| This book, Basic Decompositions, is the first volume in a projected five-volume series entitled Matrix Algorithms. The other four volumes will treat eigensystems, iterative methods for linear systems, sparse direct methods, and special topics, including fast algorithms for structured matrices.
My intended audience is the nonspecialist whose needs cannot be satisfied by black boxes. It seems to me that these people will be chiefly interested in the methods themselves— how they are derived and how they can be adapted to particular problems. Consequently, the focus of the series is on algorithms, with such topics as roundingerror analysis and perturbation theory introduced impromptu as needed. My aim is to bring the reader to the point where he or she can go to the research literature to augment what is in the series.
The series is self-contained. The reader is assumed to have a knowledge of elementary analysis and linear algebra and a reasonable amount of programming experience— about what you would expect from a beginning graduate engineer or an undergraduate in an honors program. Although strictly speaking the individual volumes are not textbooks, they are intended to teach, and my guiding principle has been that if something is worth explaining it is worth explaining fully. This has necessarily restricted the scope of the series, but I hope the selection of topics will give the reader a sound basis for further study.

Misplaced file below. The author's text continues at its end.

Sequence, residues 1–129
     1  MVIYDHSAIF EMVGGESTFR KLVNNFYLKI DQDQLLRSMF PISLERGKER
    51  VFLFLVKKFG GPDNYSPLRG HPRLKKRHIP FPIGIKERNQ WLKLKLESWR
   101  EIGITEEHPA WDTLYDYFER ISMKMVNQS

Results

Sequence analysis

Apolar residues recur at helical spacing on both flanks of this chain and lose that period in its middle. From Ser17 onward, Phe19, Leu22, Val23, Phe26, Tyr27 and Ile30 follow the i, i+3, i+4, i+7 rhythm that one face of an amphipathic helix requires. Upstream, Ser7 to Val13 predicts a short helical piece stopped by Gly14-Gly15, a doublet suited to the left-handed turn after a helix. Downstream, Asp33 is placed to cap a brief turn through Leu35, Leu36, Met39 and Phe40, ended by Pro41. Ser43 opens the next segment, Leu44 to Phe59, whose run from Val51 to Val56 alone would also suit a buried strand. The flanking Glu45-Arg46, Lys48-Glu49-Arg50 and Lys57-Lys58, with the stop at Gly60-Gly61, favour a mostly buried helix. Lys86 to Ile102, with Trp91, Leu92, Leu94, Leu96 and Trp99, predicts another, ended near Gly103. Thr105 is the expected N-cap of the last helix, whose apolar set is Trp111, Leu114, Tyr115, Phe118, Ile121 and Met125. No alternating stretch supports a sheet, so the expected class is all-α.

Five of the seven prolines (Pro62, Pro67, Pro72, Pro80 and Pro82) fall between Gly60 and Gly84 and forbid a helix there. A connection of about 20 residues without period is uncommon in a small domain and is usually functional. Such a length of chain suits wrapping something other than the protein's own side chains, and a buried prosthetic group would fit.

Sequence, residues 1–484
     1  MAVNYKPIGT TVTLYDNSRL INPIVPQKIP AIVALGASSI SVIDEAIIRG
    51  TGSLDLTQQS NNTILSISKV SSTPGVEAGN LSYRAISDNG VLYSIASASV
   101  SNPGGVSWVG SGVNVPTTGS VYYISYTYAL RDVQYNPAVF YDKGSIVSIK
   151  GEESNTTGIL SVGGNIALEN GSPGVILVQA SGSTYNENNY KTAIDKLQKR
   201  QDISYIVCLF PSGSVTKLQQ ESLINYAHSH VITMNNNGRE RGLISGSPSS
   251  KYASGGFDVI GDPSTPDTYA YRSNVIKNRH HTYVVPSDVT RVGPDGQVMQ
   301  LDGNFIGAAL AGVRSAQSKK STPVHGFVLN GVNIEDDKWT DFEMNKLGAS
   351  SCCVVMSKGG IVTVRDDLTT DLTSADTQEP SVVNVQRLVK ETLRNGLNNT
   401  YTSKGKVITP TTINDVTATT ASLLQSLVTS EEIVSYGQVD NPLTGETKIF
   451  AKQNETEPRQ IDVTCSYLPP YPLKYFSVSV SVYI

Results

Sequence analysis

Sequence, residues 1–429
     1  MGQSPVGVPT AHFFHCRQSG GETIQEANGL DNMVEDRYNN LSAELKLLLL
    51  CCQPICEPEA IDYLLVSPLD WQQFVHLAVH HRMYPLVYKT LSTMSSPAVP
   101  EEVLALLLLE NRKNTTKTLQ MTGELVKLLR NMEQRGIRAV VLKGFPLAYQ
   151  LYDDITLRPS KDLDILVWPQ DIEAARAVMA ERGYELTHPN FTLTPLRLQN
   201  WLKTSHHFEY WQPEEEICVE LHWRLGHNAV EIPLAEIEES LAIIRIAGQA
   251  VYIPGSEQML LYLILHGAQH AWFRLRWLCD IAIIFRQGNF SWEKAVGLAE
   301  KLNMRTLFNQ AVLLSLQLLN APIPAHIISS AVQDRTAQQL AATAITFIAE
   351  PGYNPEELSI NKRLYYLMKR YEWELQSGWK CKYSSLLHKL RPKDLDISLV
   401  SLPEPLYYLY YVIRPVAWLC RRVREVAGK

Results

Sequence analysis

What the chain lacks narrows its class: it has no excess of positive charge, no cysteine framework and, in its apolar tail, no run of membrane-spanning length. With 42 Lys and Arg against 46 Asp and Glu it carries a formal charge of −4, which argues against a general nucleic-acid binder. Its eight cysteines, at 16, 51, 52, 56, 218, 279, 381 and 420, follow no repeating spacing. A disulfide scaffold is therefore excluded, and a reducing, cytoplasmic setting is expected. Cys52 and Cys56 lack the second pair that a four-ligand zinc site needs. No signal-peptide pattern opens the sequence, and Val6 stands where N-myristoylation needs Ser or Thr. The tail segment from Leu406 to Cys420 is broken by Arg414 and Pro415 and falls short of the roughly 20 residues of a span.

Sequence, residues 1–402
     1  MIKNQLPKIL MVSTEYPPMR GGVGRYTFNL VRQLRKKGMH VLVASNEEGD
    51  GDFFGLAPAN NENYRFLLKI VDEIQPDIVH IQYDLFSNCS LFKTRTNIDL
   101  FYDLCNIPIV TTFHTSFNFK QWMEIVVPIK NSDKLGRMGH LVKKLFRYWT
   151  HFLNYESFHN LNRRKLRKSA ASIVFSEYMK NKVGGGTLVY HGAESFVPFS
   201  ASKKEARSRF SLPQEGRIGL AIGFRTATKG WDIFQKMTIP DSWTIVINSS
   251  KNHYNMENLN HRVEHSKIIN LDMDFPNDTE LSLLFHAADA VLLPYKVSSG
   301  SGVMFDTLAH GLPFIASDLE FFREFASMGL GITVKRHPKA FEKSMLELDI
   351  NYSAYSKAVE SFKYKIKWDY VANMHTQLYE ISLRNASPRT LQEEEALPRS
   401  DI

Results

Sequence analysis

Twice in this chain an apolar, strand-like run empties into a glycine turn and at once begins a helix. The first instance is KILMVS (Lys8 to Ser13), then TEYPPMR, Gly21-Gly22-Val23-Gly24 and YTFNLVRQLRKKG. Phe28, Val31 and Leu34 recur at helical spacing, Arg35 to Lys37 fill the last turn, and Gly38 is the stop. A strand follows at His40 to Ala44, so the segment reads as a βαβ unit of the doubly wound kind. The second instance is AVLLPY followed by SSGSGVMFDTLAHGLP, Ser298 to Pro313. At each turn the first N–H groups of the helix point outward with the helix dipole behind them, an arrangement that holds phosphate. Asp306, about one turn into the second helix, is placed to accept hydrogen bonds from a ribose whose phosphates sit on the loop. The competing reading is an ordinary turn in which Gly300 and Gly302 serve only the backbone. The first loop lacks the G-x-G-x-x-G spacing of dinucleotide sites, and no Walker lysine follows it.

The focus of this and part of the next volume will be the computation of matrix decompositions—that is, the factorization of matrices into products of simpler ones. This decompositional approach to matrix computations is relatively new: it achieved its definitive form in the early 1960s, thanks to the pioneering work of Alston Householder and James Wilkinson. Before then, matrix algorithms were addressed to specific problems—the solution of linear systems, for example — and were presented at the scalar level in computational tableaus. The decompositional approach has two advantages.
First, by working at the matrix level it facilitates the derivation and analysis of matrix algorithms. Second, by deemphasizing specific problems, the approach turns the decomposition into a computational platform from which a variety of problems can be solved. Thus the initial cost of computing a decomposition can pay for itself many times over. |